Fig. 1A–B (A) Anteroposterior and (B) lateral radiographs show an ankle fusion with a tantalum spinal fusion device after failed total ankle arthroplasty. The 14-mm high tantalum block bridges a large bony defect between the tibia and talus. The radiographs show signs of bony incorporation of the tantalum and fusion of the ankle.


The failed revision total ankle replacement was

con-verted to an ankle arthrodesis using the existing anterior

approach. After removal of the prosthesis, the tantalum

block was inserted in the bony defect. A block for spinal

surgery measuring 21 9 32 9 14 mm was used (Fig.


To maintain the position of the ankle fusion, we used two

4.5-mm tibiotalar screws (one from the lateral side

intro-duced from the posterior leg, one from the medial side


1]), and an external fixator from the tibia to the

cal-caneus. The external fixator was removed at 6 weeks.

The subtalar fusions were performed as part of a triple or

pantalar fusion over an extended lateral approach. After

removing the cartilage, the alignment was observed and

corrected using a lamina-spreader. It is our general practice

for patients with complex foot and ankle problems as

outlined above, to tamp a structural graft (usually allograft

from the fibula or femoral head) into the sinus tarsi similar

to a Grice-procedure [1,



32] to augment fixation of

the subtalar arthrodesis, thus preventing collapse and

increasing the chance of fusion. For this pilot study, we

used a tantalum block instead. Tantalum blocks are

avail-able in various shapes, sizes, and heights (Fig.

3). A trial

spacer was inserted in the sinus tarsi to determine the piece

of tantalum needed. Reshaping the tantalum with a saw is

not recommended as it seals the porous microstructure

and puts the osteoconductive properties at risk. For the

subtalar fusions, a cervical fusion device (Zimmer Inc),

14 9 14 mm (Fig.

3B) and height of 5 to 9 mm was

tamped in the sinus tarsi and the subtalar joint then was

tightened with the compression screws (Fig.

2). The

sub-talar arthrodesis was internally fixed with one to two

screws (6.5 mm screws from the heel, across the subtalar

joint, into the talus), or in patients with complex revisions

with previously fused ankles, a retrograde intramedullary

nail was inserted.

Postoperatively, all patients wore a cast and were

non-weightbearing using crutches. After 2 weeks, the sutures

were removed and the cast was changed. At 6 weeks, the

cast was exchanged, radiographs were taken, and patients

were allowed touch weightbearing. At 12 weeks, the cast

was removed and radiographs again were taken. If we

judged satisfactory union had occurred, the patient was

permitted full weightbearing or if the union was

unsatis-factory the patient was allowed partial weightbearing.

Clinical and radiographic followups were obtained at 3 to

4-week intervals until we judged the presence of union.

Radiographic criteria for fusions were complete bridging of

the joint line/osteotomy site by trabeculae and absence of a

visible joint line or gap. The treating surgeons (HD, IR) and

the hospital radiologist independently determined the

occurrence of fusion radiographically, or with CT if needed.

After the fusion had been verified, all patients were

followed clinically and radiographically during the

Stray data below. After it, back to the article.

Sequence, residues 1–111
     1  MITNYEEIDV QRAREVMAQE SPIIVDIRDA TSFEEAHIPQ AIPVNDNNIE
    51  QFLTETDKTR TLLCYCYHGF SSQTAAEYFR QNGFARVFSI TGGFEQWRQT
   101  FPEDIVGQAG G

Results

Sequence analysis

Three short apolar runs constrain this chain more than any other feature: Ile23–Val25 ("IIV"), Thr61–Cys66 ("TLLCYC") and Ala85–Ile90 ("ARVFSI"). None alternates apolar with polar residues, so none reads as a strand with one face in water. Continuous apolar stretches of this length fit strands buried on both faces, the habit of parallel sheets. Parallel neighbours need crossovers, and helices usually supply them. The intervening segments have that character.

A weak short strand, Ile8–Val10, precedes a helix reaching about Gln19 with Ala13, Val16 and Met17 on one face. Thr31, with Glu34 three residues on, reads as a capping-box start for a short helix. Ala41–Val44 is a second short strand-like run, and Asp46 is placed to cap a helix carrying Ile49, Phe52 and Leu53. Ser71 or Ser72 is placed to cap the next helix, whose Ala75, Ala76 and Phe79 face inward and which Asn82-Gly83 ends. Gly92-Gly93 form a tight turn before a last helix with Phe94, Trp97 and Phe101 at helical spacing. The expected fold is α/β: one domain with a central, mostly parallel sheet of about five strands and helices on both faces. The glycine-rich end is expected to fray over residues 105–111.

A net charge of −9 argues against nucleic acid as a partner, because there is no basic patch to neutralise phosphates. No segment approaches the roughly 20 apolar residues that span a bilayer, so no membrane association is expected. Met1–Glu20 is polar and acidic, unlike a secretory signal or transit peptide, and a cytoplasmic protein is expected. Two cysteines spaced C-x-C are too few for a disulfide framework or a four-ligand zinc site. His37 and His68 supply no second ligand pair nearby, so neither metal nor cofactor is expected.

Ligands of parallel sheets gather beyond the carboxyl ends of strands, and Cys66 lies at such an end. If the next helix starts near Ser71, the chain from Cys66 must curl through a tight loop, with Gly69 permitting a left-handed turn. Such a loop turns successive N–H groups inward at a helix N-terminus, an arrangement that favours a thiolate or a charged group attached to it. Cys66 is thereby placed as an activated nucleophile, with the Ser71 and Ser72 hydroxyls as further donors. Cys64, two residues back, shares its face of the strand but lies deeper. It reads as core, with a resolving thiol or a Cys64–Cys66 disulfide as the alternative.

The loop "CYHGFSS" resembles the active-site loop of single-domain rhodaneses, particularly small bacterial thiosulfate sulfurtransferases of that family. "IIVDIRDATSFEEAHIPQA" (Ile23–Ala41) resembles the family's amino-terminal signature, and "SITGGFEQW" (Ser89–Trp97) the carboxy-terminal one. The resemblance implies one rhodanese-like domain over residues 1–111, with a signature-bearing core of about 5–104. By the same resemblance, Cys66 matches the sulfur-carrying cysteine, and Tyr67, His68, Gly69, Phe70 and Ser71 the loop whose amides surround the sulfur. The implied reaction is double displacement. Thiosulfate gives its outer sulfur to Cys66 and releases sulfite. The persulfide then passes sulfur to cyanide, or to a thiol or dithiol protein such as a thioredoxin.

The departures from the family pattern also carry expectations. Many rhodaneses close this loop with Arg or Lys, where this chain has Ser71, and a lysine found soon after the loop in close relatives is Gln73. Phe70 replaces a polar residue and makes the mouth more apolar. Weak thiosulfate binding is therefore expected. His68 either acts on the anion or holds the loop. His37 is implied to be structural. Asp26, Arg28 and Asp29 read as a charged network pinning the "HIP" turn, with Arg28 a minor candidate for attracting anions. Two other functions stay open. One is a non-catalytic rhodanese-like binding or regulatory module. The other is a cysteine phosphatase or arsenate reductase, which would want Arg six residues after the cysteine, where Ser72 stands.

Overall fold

2 years

postoperatively and with further clinic visits if indicated by

problems. At the 2-year followup, the AOFAS score [26]

was assessed by the treating physician. Main outcome

measurements were the clinical outcome (fusion rate) and

complications in the 2-year period.

To assess the microanatomy, we obtained micro-CT

scans (Scanco Medical, Bru¨ttisellen, Switzerland) at the

2-year followup, but owing to artifacts from previous

hardware [28,

51], it was limited to use in patients with

fewer than three screws and a distance greater than 1 cm

between tantalum and screws. Four of the nine patients

qualified, but one declined to participate in the study,

which resulted in three micro-CT scans. We used 60 kVp,

1000 lamp, 100-millisecond integration time for each

micro-CT scan. The total time for each measurement was

approximately 4 minutes and resulted in 150 slices or a

12-mm-long three-dimensional representation of the foot.

The effective radiation dose from one scan was

approxi-mately 4 lSv, which was well below the recommended

annual dose limit (approximately 1 mSv) for the general

Fig. 2A–C (A) Anteroposterior,

(B) dorsoplantar, and (C) lateral radiographs show a patient after triple-realignment arthrodesis using a tantalum cervical fusion device. The tantalum block was tamped into the sinus tarsi to achieve and maintain the desired correction. The radiographs show signs of bony incorporation of the tantalum and fusion of the subta-lar joint.


public (International Commission on Radiological

Protec-tion) [23].


At 1 and 2 years followup, all nine arthrodeses were fused.

We observed no patients with collapse, loss of correction,

or infection. The AOFAS score increased from 32 (range,

8–62) preoperatively to 74 (range, 37–100) at the 2-year


In the three patients with micro-CT, we observed

con-densation of bony trabeculae on the tantalum (Fig.

4) with

bone ingrowth in the bone-implant interface. Bone

ingrowth in the tantalum could not be evaluated owing to

artifacts of the metal.


Tantalum has been used successfully in cervical interbody

fusions and primary and revision total hip and knee

replacements [19,








54]. Its use in

foot and ankle surgery has not been documented. We

therefore evaluated the clinical scores and complications

after using tantalum for ankle and subtalar arthrodesis after

a 2-year period. As the use of tantalum is new in foot and

ankle surgery, we questioned whether osseous

incorpora-tion of tantalum could be verified with micro-CT. The

second purpose of our pilot study, therefore, was to

investigate osseous incorporation of tantalum in vivo using


Our pilot study has certain limitations. First, the number

of patients was small and conclusions comparing tantalum

with autograft or allograft are not possible. A randomized

controlled prospective trial would be needed [19,

54]. A

larger series of 50 to 100 patients originally was planned

with approval from the authors’ local institution, but our

plans subsequently were modified by the Provincial Health

Technology Assessment Committee to include a limited

number of patients who would be reviewed after a short

Fig. 3A–B The photographs show (A) a tantalum spinal fusion

device used as a spacer for ankle fusion after failed total ankle arthroplasty and (B) a cervical fusion device used as a spacer for subtalar arthrodesis. After using a trial spacer in the operation, a tantalum block can be selected from various shapes, sizes, and heights to achieve the most optimal fit. Tantalum should not be cut with a saw as this would seal its porous microstructure and jeopardize its osteoconductive properties.